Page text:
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Digital compilation of historical ice terminus positions of tidewater glaciers in Glacier Bay National Park and Preserve, Alaska

August 14, 2023

In coastal subarctic environments such as the fjords of Southeast Alaska, tidewater glaciers can control local hydrology, climatic patterns, ecology, and geologic hazards like landslides and consequent tsunami waves. Documenting and studying glacial retreat in fjords can help scientists understand the dynamic systems that are intrinsically tied to glacial ice processes and forecast changes in these systems. Detailed inventories of glacial retreat have been produced using satellite images and other remote data spanning back to the mid-1900s. However, compiling data on ice positions from before the availability of remotely sensed data requires the existence of historical observations and surveys; oral or written accounts; or geomorphic interpretations using dating techniques such as tree rings or radiocarbon ages.
In Glacier Bay National Park and Preserve, Alaska (GBNPP), a rich history of exploration and scientific research has provided us with three centuries’ worth of documentary evidence for glacier extents. This documentation stands in contrast to other areas in Alaska that have limited to no historical data. Historical maps and accounts of Glacier Bay have documented some of the world’s fastest glacial ice retreat since the Little Ice Age (LIA) and have supported studies on topics including glacial sedimentology, post-ice ecological changes, and landslide hazards in glacial and periglacial environments (e.g., Powell, 1981; Koppes and Hallet, 2002; Milner et al., 2007; Wieczorek et al., 2007). Recently, the data comprising this data release were used to constrain maximum submarine landslide ages for landslide susceptibility mapping in Glacier Bay (Avdievitch and Coe, 2022).
This data release includes digitized and compiled historical ice terminus positions for GBNPP from the 1700s to the late-1900s. More recent calving front positions (1972 through about 2012) based on remotely sensed observations are available in McNabb and Hock (2014), with select terminus positions from their dataset included here for context. We mapped additional terminus positions from 2019 using lidar (U.S. Geological Survey, 2021). For this data release, ice terminus positions were compiled from historical sources and digitized using a geographic information system. A polyline shapefile includes each ice terminus position with attributes detailing the year, the source(s) of the data, and notes on interpretation, uncertainty, or caveats associated with each terminus position. Special reference is due to Powell (1980), who first compiled most of the historical terminus positions in Glacier Bay proper in analog form, and on which much of this database is based. Revisions, additions, and notes on Powell’s work are detailed in the accompanying attributes and metadata.
These data are meant to serve as a practical summary of available data showing ice retreat in Glacier Bay National Park and Preserve from the Little Ice Age through 2019. Data generally portray glacial retreat on decadal time scales and on a regional (Park-wide) spatial scale, based on sources available to the authors at the time of release. Some areas were historically surveyed more frequently and precisely than others, so any additional localized study of ice retreat in a specific area should consult the primary and secondary sources attributed herein for a better understanding of positional and temporal uncertainties. The authors do not claim any accuracy or completeness of this database beyond what is presented in the original sources (for historical data) or what is resolvable given the resolution and accuracy of the 2019 lidar.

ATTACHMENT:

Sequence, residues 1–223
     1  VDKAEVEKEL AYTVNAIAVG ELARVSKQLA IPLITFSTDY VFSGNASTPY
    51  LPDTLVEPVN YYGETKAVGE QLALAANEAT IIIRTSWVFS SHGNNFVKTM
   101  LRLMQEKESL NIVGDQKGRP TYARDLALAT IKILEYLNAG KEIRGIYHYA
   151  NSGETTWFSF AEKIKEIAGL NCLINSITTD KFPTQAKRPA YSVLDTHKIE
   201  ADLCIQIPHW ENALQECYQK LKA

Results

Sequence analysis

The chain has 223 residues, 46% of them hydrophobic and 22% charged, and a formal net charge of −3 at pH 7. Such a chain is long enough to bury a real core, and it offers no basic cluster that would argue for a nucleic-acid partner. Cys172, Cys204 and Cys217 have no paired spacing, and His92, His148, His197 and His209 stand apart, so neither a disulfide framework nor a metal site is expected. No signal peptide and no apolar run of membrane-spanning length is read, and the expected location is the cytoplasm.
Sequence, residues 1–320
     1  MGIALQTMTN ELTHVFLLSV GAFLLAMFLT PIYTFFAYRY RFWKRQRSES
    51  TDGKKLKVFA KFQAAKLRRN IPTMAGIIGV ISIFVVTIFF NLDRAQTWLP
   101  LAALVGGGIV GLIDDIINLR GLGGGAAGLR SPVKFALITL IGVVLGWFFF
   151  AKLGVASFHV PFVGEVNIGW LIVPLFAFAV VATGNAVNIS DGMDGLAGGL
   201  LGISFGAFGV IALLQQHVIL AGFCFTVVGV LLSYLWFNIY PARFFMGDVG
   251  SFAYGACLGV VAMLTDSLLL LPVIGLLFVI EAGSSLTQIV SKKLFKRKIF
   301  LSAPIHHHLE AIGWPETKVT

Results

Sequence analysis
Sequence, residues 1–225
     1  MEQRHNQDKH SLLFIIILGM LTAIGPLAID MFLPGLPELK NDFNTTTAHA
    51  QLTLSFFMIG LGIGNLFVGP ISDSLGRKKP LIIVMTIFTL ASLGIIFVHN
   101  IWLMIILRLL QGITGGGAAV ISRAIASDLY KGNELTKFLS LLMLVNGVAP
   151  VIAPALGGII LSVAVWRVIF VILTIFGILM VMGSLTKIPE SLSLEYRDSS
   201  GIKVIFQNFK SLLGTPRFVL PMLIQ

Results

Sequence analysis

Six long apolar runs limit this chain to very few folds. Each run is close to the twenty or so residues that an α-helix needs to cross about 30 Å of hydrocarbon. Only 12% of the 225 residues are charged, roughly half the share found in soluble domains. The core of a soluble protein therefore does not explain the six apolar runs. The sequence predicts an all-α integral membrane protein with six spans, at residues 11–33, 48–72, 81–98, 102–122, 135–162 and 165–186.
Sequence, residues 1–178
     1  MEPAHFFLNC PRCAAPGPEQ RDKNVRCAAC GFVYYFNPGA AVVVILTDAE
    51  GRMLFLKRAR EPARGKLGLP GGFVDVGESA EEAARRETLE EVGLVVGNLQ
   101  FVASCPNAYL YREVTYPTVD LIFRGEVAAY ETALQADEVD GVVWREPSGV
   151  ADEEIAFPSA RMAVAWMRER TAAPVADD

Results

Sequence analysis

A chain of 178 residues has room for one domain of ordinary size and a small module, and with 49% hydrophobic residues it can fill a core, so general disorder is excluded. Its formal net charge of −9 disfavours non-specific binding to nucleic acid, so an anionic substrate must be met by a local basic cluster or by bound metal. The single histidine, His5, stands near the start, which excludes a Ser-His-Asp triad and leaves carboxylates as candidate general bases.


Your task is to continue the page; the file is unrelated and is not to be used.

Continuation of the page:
References Cited
Avdievitch N. N., and Coe JA, 2022, Submarine Landslide Susceptibility Mapping in Recently Deglaciated Terrain, Glacier Bay, Alaska: Frontiers in Earth Science v. 10, p. 821188.
Koppes, M.N., and Hallet, B., 2002, Influence of rapid glacial retreat on the rate of erosion by tidewater glaciers: Geology, v. 30, no. 1, p. 47–50.<0047:IORGRO>2.0.CO;2
McNabb, R.W., and Hock, R., 2014, Alaska tidewater glacier terminus positions, 1948-2012: Journal of Geophysical Research: Earth Surface, v. 119, no. 2, p. 153–167.
Milner, A.M., Monaghan, K., Flory, E.A., Veal, A.J. and Robertson, A., 2007, Ecological development of the Wolf Point Creek watershed; a 25-year colonization record from 1977 to 2001: in Piatt, J.F., and Gende, S.M., eds., in Proceedings of the Fourth Glacier Bay Science Symposium: U.S. Geological Survey Scientific Investigations Report 2007-5047, p. 3 -7.
Powell, R.D., 1980, Holocene glacimarine sediment deposition by tidewater glaciers in Glacier Bay, Alaska: Columbus, Ohio, Ohio State University, Ph.D. dissertation, 420 p.
Powell, R.D., 1981. A model for sedimentation by tidewater glaciers. Annals of Glaciology, 2, p. 129-134.
U.S. Geological Survey, 2021, USGS 3D Elevation Program.
Wieczorek, G.F., Geist, E.L., Motyka, R.J., and Jakob, M., 2007, Hazard assessment of the Tidal Inlet landslide and potential subsequent tsunami, Glacier Bay National Park, Alaska: Landslides, v. 4, no. 3, p. 205–215.

Publication Year 2023
Title Digital compilation of historical ice terminus positions of tidewater glaciers in Glacier Bay National Park and Preserve, Alaska
DOI 10.5066/P9WDA76U
Authors Nikita N Avdievitch, Andrew Bliss, Jeffrey A Coe
Product Type Data Release
Record Source USGS Digital Object Identifier Catalog
USGS Organization Geologic Hazards Science Center